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Text neck, selfitis, and 4 other millennial health problems you need to know about

Published on:16 March 2020, 14:03pm IST
Once you get to know them, we suggest that you avoid these health problems like Chandler Bing avoided Janice in FRIENDS.
Sonakshi Kohli
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Has your selfie obsession become selfitis? Let’s find out. Image courtesy: Shutterstock

If you’re one of those people, who meticulously take out time to spend with their grandparents–then there’s a high probability you’ve already heard their rant about the changing times in ‘ghor kalyug’.

Sure, food adulteration and deteriorating character of people is often a part of their complaints. But the one thing that your grandparents won’t ever miss or stop complaining about is the lifestyle we millennials lead. 

Here’s reinstating your grandparents’ belief and talking about six millennial health problems that are a culmination of our modern-day habits as well as technological advancements:

1. Text-neck syndrome
No points for guessing that this term coined by US chiropractor, Dr. DL Fishman, refers to the modern-day spine ailment stemming from millennials looking down at their cell phones, tablets, and other wireless devices for too long and too frequently.

phone addiction can lead to loneliness
Smartphone addiction can give you sore neck. Image courtesy: Shutterstock.

The result? Well, severe pain in the upper backbone and back muscles, neck pain, hunched shoulders, an unnatural bend in the neck, a poor posture for life, and the pain from your neck extending till your arms and shoulders too!

With several studies pointing out numbers as huge as 79% of the population indulging in excessive smartphone use, text-neck syndrome is on a rise and how. The only respite though, is to minimise the phone usage and keep the phone at your eye level while using it.

2. Selfitis
Just as the name suggests, this disorder identified by the American Psychiatric Association, refers to one’s excessive desire or obsession to capture selfies and upload them on social media.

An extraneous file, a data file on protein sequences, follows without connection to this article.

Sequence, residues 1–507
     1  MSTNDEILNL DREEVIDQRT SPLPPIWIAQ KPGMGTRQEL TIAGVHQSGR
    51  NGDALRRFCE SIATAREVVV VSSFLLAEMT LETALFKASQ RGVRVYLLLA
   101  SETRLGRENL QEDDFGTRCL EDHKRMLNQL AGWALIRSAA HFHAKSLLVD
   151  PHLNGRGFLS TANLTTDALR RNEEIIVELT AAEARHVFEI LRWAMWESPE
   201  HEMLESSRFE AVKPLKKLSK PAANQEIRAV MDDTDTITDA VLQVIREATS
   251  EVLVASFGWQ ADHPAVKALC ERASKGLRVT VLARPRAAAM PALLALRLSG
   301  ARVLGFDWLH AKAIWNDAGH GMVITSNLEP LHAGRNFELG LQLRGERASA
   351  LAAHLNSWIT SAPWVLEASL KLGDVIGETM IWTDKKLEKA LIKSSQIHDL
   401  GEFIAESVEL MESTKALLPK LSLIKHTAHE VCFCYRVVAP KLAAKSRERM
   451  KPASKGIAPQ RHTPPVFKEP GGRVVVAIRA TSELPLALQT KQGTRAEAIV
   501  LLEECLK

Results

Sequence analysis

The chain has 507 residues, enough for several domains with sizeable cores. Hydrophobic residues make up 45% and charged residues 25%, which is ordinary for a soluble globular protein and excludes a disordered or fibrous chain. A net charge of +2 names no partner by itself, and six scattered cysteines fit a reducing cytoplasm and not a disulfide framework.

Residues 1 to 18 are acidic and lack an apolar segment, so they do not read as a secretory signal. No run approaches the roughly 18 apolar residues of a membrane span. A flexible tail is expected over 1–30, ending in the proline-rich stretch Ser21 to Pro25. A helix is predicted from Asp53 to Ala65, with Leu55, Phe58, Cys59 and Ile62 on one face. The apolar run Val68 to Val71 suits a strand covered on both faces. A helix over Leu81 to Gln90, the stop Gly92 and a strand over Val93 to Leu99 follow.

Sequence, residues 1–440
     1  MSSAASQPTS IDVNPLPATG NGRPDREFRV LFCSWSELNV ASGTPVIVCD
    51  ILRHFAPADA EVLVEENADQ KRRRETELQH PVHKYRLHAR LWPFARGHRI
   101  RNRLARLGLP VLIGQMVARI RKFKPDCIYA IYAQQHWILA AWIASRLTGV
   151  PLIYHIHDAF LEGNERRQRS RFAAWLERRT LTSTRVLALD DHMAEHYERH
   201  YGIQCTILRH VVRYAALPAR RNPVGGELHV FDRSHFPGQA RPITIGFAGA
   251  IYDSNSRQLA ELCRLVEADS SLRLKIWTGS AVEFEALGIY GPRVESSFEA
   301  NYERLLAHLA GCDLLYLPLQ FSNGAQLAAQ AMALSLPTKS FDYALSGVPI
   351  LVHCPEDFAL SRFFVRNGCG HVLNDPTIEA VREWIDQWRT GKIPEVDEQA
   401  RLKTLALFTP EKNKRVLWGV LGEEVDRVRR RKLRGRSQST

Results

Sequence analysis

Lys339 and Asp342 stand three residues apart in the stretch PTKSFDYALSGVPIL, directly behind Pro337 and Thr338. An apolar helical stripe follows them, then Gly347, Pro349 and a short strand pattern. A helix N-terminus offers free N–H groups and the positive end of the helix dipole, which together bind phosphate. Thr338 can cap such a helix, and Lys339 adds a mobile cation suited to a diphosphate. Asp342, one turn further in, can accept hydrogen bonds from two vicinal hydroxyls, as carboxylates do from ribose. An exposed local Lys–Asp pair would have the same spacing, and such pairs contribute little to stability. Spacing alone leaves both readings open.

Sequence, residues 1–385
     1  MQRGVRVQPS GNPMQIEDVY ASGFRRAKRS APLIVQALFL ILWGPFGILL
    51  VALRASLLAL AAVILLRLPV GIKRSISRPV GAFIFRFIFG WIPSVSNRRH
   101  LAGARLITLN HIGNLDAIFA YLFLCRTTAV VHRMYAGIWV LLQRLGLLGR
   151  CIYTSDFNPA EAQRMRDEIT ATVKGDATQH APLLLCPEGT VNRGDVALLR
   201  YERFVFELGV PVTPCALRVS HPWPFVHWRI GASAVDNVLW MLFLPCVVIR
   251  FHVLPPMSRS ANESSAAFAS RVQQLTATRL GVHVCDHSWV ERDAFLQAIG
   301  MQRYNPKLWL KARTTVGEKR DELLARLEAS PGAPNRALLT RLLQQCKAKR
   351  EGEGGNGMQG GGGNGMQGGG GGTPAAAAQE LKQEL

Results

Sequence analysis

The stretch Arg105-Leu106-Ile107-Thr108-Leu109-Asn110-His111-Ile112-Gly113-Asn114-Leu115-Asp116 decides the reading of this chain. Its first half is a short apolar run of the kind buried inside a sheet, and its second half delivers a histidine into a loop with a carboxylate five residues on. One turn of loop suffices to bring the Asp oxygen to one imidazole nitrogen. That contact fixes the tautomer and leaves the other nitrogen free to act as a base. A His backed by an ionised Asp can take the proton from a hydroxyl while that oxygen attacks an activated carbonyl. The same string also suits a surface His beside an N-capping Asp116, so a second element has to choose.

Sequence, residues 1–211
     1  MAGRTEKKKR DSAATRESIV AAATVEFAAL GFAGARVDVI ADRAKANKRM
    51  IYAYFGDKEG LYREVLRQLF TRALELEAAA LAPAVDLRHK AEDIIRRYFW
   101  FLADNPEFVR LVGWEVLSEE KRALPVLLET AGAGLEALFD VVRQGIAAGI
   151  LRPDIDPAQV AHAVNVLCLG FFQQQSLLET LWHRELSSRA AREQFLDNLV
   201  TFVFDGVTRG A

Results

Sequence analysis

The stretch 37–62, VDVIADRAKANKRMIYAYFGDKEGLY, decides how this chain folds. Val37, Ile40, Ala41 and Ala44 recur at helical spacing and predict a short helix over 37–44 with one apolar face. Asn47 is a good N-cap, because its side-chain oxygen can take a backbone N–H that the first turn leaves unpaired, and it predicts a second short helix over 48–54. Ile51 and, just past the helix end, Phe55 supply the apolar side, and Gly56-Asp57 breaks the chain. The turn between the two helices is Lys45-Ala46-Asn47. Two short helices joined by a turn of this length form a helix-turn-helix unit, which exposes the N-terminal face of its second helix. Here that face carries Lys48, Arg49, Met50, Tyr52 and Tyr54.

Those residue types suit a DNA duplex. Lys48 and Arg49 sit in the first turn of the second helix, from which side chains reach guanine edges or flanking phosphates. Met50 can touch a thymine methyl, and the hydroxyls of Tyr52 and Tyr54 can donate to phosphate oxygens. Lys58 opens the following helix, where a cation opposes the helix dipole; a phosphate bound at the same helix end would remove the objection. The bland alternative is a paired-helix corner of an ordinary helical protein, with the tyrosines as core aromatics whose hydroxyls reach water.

Why else do you think people these days are willing to risk their lives by taking selfies on mountain cliffs, while driving, and while trying out anything adventurous that requires their undivided attention?

3. Nomophobia
According to a study published in the Journal of Family Medicine and Primary Care, nomophobia is a psychological condition ruled by the fear of being devoid of mobile phone connectivity due to reasons such as a technical problem in the phone, its battery dying down or a problem with internet connectivity. This can be so extreme that it can lead to social anxiety and panic disorders as well. Can you beat that?

smartphone addiction
Staying glued to your smartphone is a kind of addiction called Nomophobia. Image courtesy: Shutterstock.

Quiz time: Just how addicted are you to your smartphone? Let this quiz answer that for you

4. Cyberchondria
Surely, the Internet has its own perks—the most-cherished one being the abundance of information and knowledge it can provide us with. However, a study published in the journal Psychiatry Research talks about the downside of this availability of information leading to a clinical phenomenon in which “repeated Internet searches regarding medical information results in excessive concerns about physical health”.

Also, listen:

Don’t we all Google our health symptoms and try to be our own doctor sometimes? But you know what, this can lead to health anxiety if your cyberchondria goes to an extreme level.

5. Burnout syndrome
This condition highlighted time and again by psychologists the world over is something that affects millions of millennials world over. The World Health Organization defines it as an “occupational phenomenon” resulting from unmanaged workplace stress that can lead to anxiety, panic, fatigue, depression, reduced professional efficiency, and an emotional distance from one’s job and day-to-day activities.

burnout syndrome
Occupational burnout can cost you your heart health. Image courtesy: Shutterstock.

But, it can also happen to people, who are simply bored of the monotony of life. Loneliness, a lack of social contact, and exercise are also to be blamed for it.

6. The sitting disease
The sitting disease, a.k.a., a sedentary lifestyle is something that we’re all aware of. Ever since driving replaced walking; watching television, chatting, and gaming replaced outdoor activities, and technologically-advanced devices minimised the need for physical labour-a sedentary lifestyle hit the world like a plaque that simply refuses to leave. The result? No exercise or physical movement leading to the development of a host of modern-day health conditions such as hypertension, diabetes, heart problems, stress build up, weaker bones, and obesity to name a few.

2 Comments

  1. A very very good n knowledgeable post. We all are net savvy but still follow these silly things.

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Sonakshi Kohli Sonakshi Kohli

Twenty kilos down and struggling to maintain the weight loss by preaching healthy eating, while eating unhealthy every now and then.